Always Greener on the Other….

Musings/Rants, Uncategorized

Two years ago, I took a semester off NYU to undergo a kidney transplant surgery. The surgery and recovery process took only about five weeks. The rest of those six months I spent in waiting. Waiting for the hospital to call and set up an appointment. Waiting while my friends nabbed exciting internships. Waiting for something to do, an inspiration to hit. Weeks passed and nothing hit. Losing the motivation to learn, write, or even binge-watch Netflix shows, I was quickly spiraling into something akin to nihilism. 

What it was, of course, was just laziness, a millennial malaise that’s haunted me for the better part of the last 10 years. At school, I’ve had friends and homework as powerful antidotes; lectures and essays have egged me toward specific goals. Back at home in Irvine, the archetypal Californian suburb, I was a free agent and a prisoner to my thoughts, which were shrouded by doubts and hopelessness. Rather than brainstorming activities to occupy my time at the present–when I had an abundance of it–I lamented all the missed opportunities that awaited me at school, 3000 miles away. I entertained a remarkably narcissistic idea that if I could just crawl back to Manhattan, straight As and new friends and internships and leadership roles would land in my lap–I just need to get close enough.

More out of desperation than ingenuity, I decided to start a blog. I came to that decision abruptly, while feasting on an apple and Game of Thrones. My first sentence? “To be honest, I’ve just about given up on starting a blog.” Halfway through the post, I realized why I had put off the endeavor for so long: I was scared no one was going to read it because I was either too boring a person or too mediocre a writer. I rambled some more about my low self-esteem and stereotypical teenage hobbies. As I kept writing, fingers flying across the keyboard as thoughts tumbled behind, I came to some bizarre conclusions. That we are all boring. That rather than giving you lemons, life is a lemon. That how hard you squeeze that lemon determines how much happiness and meaning you extract from mundane occurrences. In ranting about my insecurities, I slowly forgot about them. That was my “eureka” moment, and the title of the post. Why did I decide to publish this garbage of a post? Because, “Call me vain if you want, but I wasn’t going to let this epiphany go to waste.”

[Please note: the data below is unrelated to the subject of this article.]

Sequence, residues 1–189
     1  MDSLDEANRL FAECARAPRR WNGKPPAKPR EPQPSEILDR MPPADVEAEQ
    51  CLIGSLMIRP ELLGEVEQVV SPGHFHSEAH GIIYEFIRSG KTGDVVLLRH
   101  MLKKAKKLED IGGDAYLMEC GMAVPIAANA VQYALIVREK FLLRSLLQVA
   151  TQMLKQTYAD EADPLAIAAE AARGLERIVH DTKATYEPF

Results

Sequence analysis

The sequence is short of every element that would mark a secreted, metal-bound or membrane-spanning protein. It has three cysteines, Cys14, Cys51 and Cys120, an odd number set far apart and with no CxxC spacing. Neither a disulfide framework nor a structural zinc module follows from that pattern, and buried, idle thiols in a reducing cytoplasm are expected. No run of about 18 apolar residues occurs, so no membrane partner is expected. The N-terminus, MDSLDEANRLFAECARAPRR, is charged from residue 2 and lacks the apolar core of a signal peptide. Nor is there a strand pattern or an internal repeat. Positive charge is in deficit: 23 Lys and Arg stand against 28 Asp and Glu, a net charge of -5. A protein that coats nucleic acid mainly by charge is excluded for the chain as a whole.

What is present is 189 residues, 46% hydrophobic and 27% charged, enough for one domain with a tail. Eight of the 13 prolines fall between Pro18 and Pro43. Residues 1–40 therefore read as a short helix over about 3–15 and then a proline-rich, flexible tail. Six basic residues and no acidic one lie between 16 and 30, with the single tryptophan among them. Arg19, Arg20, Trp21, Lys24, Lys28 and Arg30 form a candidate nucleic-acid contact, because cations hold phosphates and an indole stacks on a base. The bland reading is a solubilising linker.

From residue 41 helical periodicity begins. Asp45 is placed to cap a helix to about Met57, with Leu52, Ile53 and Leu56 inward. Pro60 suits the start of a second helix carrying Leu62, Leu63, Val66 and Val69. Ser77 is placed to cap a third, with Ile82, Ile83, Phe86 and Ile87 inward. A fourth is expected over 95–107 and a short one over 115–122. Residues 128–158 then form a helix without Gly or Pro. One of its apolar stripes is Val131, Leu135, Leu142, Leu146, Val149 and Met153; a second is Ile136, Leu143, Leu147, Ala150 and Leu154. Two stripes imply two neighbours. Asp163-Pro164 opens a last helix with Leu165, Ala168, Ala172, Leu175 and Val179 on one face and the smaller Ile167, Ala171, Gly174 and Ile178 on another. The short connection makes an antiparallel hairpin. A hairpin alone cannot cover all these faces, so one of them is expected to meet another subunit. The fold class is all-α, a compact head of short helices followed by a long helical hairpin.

And I didn’t. I wrote almost everyday of the next four months I spent waiting. I continued writing after I returned to NYU. I’ve now amassed more than 2000 followers–1990 more than I’d expected to get. This is the first post I’ve published in almost a year, and it’s just a repost of an essay response to a fellowship application. I prompt asked me to write about a time I took the initiative to organize/start something, and I’m not sure this post answered that question at all. It doesn’t matter, though, because it got me thinking about a period of my life that’s at once so crucial and so painful. A time that I’ve rarely talked to anyone about, a time I’m scared of confronting. A lot of the indifference I feel toward life germinated during this time–the month or so before I started blogging.   

I’ve been absent for so long that I sometimes forget I even have a blog. I’m sure I’ll post again, but I’m not sure when. Graduation is less than two months away, and I don’t know if I’ll have any time to write after that. What I can say for certain is that blogging always makes me feel better, just a little more connected and invested in the forces around me. It pulled 19-year-old me out of that period of loneliness. That’s something I don’t think anything else would have been able to do.

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A Love Letter to Calories

Musings/Rants

I randomly found this passage in my notepad. I don’t remember how it came about–it must have been for some dumbass application. Anyway, I’m posting it because it’s been too long again and I still can’t come up with anything new.

~~~~~~~~~~~~~~~~~~~~~~~~~~~~~~~~~~~~~~~~~~~~~~~~~~~~~~~~